Quick intro to Flask

Quick intro to Flask

What is Flask?

Flask is a web framework written in python. It is a micro web framework as it does not use any third party tools or library. It is based on Werkzeug toolkit which is a WSGI utility library and Jinja2 template engine and is BSD licensed. WSGI is a protocol which allows Python application to communicate with a web server and hence can be used as web-application outside of CGI. Flask has the ability to build the complex database driven website.
Flask provides you with tools, libraries that allows building a web application. It is a lightweight framework and there is less dependency to update third-party security bugs.

Why Flask?

  • Unlike other frameworks like Django, Flask is easier to set up.
  • It is faster and easier to run Flask based applications.
  • Flask is actively maintained and continuously developed.
  • Large documentation and developer tools available.
  • Simple to use and large number of extensions which integrate with it very well
  • Written in python and supports rapid high-level application development
  • Offers large number of useful in-house libraries

Using Flask for Restful API building

Before starting to create an API in Flask, we need to setup Virtualenv.  Virtualenv is used for most of the python based web development. This is especially useful when we need to work on multiple versions of python. Helps to ensure backward compatibility issues do not hamper your development. It provides a sophisticated way of isolating the different python environments.
To download Virtualenv you can use – https://pypi.python.org/pypi/virtualenv
To install Virtualenv you can refer – https://virtualenv.pypa.io/en/stable/installation/
Once installation of Virtualenv is completed we can start with the setup of Flask as shown below:
Flask-Restful is an extension of the existing Flask which provides support for the quick building of REST APIs. It is extremely lightweight which works with existing libraries.

Resourceful Routing:

Resources in Flask are built on top of Flask Pluggable Views. This allows you to access multiple HTTP methods just by defining methods on your resources. Sample code for this is as below:

from flask import Flask, request
from flask_restful import Resource, Api
 
app = Flask(__name__)
api = Api(app)
callApi = {}
 
class callApiResource(Resource):
    def get(self, apiId):
        return {apiId: callApi[apiId]}
 
    def put(self, apiId):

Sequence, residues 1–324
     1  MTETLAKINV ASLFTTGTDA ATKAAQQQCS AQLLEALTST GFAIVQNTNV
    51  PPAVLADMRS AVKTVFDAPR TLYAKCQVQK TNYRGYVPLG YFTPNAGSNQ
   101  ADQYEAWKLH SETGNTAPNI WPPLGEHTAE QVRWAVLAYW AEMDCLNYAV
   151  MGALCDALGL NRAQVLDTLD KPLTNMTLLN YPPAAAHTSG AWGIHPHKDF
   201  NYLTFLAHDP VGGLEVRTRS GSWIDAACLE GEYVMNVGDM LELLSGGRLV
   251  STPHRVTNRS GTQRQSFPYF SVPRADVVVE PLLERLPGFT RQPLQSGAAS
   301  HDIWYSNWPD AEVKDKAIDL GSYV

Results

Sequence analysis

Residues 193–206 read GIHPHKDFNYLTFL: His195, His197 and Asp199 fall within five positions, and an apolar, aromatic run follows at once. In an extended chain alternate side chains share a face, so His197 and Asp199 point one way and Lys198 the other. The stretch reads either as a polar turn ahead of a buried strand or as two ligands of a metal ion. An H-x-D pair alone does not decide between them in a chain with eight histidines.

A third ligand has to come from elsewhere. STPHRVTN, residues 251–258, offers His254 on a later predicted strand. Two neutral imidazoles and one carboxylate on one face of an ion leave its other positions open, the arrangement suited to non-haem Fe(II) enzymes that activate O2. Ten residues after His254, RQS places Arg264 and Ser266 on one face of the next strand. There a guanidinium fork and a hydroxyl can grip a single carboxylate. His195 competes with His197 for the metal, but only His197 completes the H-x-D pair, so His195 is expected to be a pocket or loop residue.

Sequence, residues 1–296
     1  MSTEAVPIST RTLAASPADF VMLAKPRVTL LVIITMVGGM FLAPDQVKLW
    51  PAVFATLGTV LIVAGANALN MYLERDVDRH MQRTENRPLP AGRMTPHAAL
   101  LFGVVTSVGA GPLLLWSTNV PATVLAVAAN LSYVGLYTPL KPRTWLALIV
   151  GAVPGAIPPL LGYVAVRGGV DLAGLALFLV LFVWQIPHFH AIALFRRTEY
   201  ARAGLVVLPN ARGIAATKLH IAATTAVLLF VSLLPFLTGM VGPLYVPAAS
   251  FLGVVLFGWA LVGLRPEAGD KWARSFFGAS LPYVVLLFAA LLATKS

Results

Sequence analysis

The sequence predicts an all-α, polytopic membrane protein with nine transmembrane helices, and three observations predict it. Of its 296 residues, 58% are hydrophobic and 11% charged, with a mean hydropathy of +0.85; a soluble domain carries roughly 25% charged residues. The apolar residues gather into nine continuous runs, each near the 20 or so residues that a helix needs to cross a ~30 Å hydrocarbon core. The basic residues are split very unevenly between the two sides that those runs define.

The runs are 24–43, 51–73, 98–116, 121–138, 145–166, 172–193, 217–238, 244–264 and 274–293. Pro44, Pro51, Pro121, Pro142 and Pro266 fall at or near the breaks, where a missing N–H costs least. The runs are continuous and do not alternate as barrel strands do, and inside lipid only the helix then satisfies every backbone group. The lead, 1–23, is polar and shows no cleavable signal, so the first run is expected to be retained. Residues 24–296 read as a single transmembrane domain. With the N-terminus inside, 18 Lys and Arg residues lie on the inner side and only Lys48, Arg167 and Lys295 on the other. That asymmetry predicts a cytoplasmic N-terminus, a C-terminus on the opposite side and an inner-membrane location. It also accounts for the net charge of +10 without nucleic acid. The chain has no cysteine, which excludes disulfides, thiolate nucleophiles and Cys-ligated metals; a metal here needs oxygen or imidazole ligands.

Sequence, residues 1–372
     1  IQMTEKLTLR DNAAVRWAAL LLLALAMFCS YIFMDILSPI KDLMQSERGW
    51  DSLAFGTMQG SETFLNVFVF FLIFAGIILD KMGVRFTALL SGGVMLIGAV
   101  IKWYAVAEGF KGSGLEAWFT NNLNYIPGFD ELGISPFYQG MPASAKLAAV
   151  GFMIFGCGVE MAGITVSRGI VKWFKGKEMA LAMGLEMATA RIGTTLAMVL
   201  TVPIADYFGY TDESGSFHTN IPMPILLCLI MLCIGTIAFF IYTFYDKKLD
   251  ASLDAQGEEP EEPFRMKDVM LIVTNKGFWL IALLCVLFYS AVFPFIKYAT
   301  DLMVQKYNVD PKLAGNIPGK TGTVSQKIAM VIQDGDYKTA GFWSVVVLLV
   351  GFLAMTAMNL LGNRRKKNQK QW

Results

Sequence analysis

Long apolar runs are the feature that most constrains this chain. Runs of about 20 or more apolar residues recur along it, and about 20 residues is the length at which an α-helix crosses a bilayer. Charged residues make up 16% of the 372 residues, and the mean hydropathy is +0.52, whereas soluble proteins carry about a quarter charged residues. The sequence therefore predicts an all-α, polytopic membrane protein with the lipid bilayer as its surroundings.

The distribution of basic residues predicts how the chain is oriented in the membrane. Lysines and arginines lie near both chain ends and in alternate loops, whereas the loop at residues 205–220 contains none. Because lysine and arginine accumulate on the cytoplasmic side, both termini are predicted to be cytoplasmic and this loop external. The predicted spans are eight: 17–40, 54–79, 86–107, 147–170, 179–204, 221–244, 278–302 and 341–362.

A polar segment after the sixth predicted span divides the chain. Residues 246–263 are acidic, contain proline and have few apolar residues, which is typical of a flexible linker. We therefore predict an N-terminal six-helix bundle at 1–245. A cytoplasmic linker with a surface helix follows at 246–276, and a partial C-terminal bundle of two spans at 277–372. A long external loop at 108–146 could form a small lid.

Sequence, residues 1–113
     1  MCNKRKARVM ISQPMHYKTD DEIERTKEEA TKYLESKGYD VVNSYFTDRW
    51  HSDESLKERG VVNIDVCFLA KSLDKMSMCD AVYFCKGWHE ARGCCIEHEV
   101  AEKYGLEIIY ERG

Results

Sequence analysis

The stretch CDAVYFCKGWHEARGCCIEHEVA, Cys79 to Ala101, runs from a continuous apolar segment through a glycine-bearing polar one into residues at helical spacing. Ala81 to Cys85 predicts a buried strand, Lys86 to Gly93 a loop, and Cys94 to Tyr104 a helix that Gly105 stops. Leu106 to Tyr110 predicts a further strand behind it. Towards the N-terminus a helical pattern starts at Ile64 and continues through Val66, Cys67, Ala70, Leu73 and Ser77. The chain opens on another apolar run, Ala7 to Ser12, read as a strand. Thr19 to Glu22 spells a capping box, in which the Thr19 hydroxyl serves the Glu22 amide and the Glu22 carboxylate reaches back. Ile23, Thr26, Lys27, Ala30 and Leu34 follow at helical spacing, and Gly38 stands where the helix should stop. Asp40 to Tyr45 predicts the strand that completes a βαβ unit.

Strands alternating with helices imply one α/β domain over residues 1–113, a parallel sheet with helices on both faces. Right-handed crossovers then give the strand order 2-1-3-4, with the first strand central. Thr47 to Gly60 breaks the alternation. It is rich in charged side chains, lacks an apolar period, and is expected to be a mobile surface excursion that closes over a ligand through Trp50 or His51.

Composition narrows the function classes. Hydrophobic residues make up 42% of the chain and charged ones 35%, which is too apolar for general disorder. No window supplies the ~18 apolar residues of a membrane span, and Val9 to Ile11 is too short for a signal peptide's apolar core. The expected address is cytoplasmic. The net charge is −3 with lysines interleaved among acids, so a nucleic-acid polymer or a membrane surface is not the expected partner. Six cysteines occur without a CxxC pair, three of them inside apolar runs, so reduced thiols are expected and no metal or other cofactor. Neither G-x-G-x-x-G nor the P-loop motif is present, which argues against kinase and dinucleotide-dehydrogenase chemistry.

callApi[apiId] = request.form['data']
        return {apiId: callApi[apiId]}
 
api.add_resource(callApiResource, '/<string:apiId>')
This can be tested as:

$ curl http://localhost:5000/todo1 -d "data=update the API" -X PUT
{"todo1": " update the API"}
Flask Restful can have multiple kinds of return values. In multiple return values, we can also set response code and response headers.

class Api1(Resource):
    def get(self):
        # Default to 200 OK
        return {'task': 'Hello world'}
 
class Api2(Resource):
    def get(self):
        # Set the response code to 201
        return {'task': 'Hello world'}, 201
 
class Api3(Resource): 
    def get(self):
        # Set the response code to 201 and return custom headers
        return {'task': 'Hello world'}, 201, {'Etag': 'some-opaque-string'}

Argument Parsing:

Though Flask provides access to request data by using a query string or post method, validating form data is not simple. In Flask-Restful, we have built-in support for data validation using a library similar to argparse. Unlike argparse, reqparse.RequestParser.parse_args() returns a python dictionary instead of the custom data structure.

from flask_restful import reqparse
 
parser = reqparse.RequestParser()
parser.add_argument('rate', type=int, help='Per rate charge')
args = parser.parse_args()

Data Formatting:

All fields in the return iterable are rendered as it is. Though this works well with python data structure, this is tedious in case of dealing with objects. As a solution to this, Flask-Restful provides fields module and marshal_with() decorator. The sample is as shown below.

from collections import OrderedDict
from flask_restful import fields, marshal_with
 
resource_fields = {
    'api':   fields.String,
    'uri':    fields.Url('api_test')
}
 
class APICall(object):
    def __init__(self, apiId, api):
        self.apiId = apiId
        self.api = api
        # This field will not be sent in the response
        self.status = 'active'
 
class Todo(Resource):
    @marshal_with(resource_fields)
    def get(self, **kwargs):
     return APICall(apiId='my_todo', api='Generate this API')
In this example the python object is serialized. Marshal_with() decorator will apply transformation described by resource_fields. The fields.Url takes endpoint name and generates a URL for that endpoint in the response.

Conclusion:

Flask Restful makes API creation simpler with its inbuilt functions and libraries. It provides flexibility and multiple options to make API development simpler.
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Do you want to know more about web programming in python? Read here http://borsuquesquad.pl/rails-and-django-comparison/.
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